|People Like Us||Pamela Eliot||Episode: "The Vicar"|
|Mr Charity||Distressed Mother||Episode: "Nice to Feed You"|
|Comedy Lab||Linda||Episode: "Daydream Believers: Brand New Beamer"|
|2002||Rescue Me||Paula||Episode 1.4|
|Holby City||Kim Prebble||Episode: "New Hearts, Old Scores"|
|The Office||Helena||Episode: "Interview"|
|2003||Gash||Various characters||3 episodes|
|Eyes Down||Mandy Foster||Episode: "Stars in Their Eyes"|
|The Strategic Humour Initiative||Various characters||TV film|
|2003–2015||Peep Show||Sophie Chapman||32 episodes|
|2004||Black Books||Tanya||Episode: "Elephants and Hens"|
|Swiss Toni||Linda Byron||Episode: "Troubleshooter"|
|NY-LON||Lucy||Episode: "Something About Family"|
|Coming Up||Receptionist||Episode: "The Baader Meinhoff Gang Show"|
|2004–2006||Green Wing||Harriet Schulenburg||18 episodes|
|2005||Angell's Hell||Belinda||TV film|
|Look Around You||Pam Bachelor||6 episodes|
|The Robinsons||Connie||Episode 1.3|
|Murder in Suburbia||Ellie||Episode: "Golden Oldies"|
|ShakespeaRe-Told||Ursula||Episode: "Much Ado About Nothing"|
|2006–2008||That Mitchell and Webb Look||Various characters||13 episodes|
|2007||The Grey Man||Linda Dodds||TV film|
|The Time of Your Life||Amanda||6 episodes|
|2008||Love Soup||Penny||Episode: "Integrated Logistics"|
|Hancock and Joan||Marion||TV film|
|Consuming Passion||Janet Bottomley / Violetta Kiss||TV film|
|2008–2009||Beautiful People||Debbie Doonan||12 episodes|
|2009||Skins||Gina Campbell||Episode: "Naomi"|
|Midsomer Murders||Bernice||Episode: "Small Mercies"|
|Mister Eleven||Beth Paley||2 episodes|
|2010||Doctor Who||Mother||Episode: "The Eleventh Hour"|
|2010–2014||Rev||Alex Smallbone||19 episodes|
|2011||Exile||Nancy Ronstadt||3 episodes|
|2011–2012||Twenty Twelve||Sally Owen||10 episodes|
|2012||Accused||Sue Brown||Episode: "Mo and Sue's Story"|
|Bad Sugar||Joan Cauldwell||TV film|
|2013–2017||Broadchurch||DS Ellie Miller||24 episodes|
|2013||The Suspicions of Mr Whicher: The Murder In Angel Lane||Susan Spencer||TV film|
|The Thirteenth Tale||Margaret Lea||TV film|
|The Five(ish) Doctors Reboot||Herself||TV film|
|2014||Big Ballet||Narrator||3 episodes|
|The 7.39||Maggie Matthews||2 episodes|
|W1A||Sally Owen||Episode 1.4|
|The Secrets||Pippa||Episode: "The Dilemma"|
|Mr. Sloane||Janet Sloane||6 episodes|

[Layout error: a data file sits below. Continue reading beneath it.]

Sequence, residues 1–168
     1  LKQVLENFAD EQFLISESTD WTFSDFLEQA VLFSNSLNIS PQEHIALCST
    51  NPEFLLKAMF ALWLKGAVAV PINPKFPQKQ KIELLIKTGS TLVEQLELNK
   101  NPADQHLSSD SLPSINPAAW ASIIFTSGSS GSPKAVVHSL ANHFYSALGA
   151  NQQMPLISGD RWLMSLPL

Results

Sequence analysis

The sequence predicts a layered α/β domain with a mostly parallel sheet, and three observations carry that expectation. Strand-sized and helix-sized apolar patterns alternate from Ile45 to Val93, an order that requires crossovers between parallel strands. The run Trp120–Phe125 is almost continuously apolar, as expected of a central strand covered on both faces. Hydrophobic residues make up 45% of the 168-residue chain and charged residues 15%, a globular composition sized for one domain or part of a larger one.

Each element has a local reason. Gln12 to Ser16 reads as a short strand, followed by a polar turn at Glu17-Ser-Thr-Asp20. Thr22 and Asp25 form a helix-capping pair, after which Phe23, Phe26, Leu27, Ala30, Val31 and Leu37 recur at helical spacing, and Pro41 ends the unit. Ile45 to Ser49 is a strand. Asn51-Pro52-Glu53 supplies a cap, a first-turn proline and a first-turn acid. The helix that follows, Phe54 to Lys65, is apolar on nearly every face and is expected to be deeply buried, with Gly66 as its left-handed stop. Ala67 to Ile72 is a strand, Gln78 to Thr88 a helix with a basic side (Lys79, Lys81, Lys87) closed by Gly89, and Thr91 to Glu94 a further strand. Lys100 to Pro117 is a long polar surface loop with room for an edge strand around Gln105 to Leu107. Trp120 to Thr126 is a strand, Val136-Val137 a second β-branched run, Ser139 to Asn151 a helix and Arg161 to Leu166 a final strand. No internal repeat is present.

|This is Jinsy||Joan Jenkins||Episode: "The Golden Woggle"|
|2014–2016||Thomas & Friends||Marion||Voice; 8 episodes|
|2016||Drunk History||Ethel Le Neve||Episode 2.7|
|The Night Manager||Angela Burr||6 episodes|
|We're Going on a Bear Hunt||Mum||Voice; television short|
|2016–present||Flowers||Deborah Flowers||12 episodes|
|2017||Inside Dior||Narrator||2 episodes|
|2018||The Super Squirrels||Narrator||Episode of Natural World|
|Les Misérables||Madame Thénardier||Limited Series|
|2019||The Crown||Queen Elizabeth II||Lead role|
|TBA||Watership Down||Strawberry||Voice; in production|
|2009||England People Very Nice||Philippa||Olivier Theatre, London|
|2012||Hay Fever||Myra Arundel||Noël Coward Theatre, London|
|2017||Mosquitoes||Jenny||Royal National Theatre, London|
Awards and nominations
- England and Wales Birth Index 1916–2005
- Maloney, Alison. "Ladies in red light up Empire Awards". The Sun. London.
- "Olivia Colman".
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- "Olivia Colman interview". The Daily Telegraph. London. 20 August 2012. Retrieved 22 March 2013.
- "Olivia Colman: "I immediately knew I would marry him"". Big Issue. Retrieved 12 December 2015.
- Watts, Halina (23 March 2013). "Broadchurch star Olivia Colman says she's lucky not to be a classic beauty". Daily Mirror.
- Nannar, Nina (7 January 2016). "Famous alumni from Bristol's Old Vic Theatre School". ITV.com. Retrieved 10 September 2017.
- "Maggie, Meryl, and my modest career". The Herald. 29 December 2011.
- "Sarah Dempster talks to Olivia Colman". The Guardian. London. 18 June 2007.
- Preston, John (30 December 2013). "Olivia Colman: the star of Broadchurch on her new BBC drama". The Telegraph. London.